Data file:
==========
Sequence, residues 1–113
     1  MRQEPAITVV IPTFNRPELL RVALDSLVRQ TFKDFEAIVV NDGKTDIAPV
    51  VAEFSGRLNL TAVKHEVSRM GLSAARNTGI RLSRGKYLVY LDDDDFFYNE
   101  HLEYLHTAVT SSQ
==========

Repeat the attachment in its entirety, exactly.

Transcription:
Sequence, residues 1–113
     1  MRQEPAITVV IPTFNRPELL RVALDSLVRQ TFKDFEAIVV NDGKTDIAPV
    51  VAEFSGRLNL TAVKHEVSRM GLSAARNTGI RLSRGKYLVY LDDDDFFYNE
   101  HLEYLHTAVT SSQ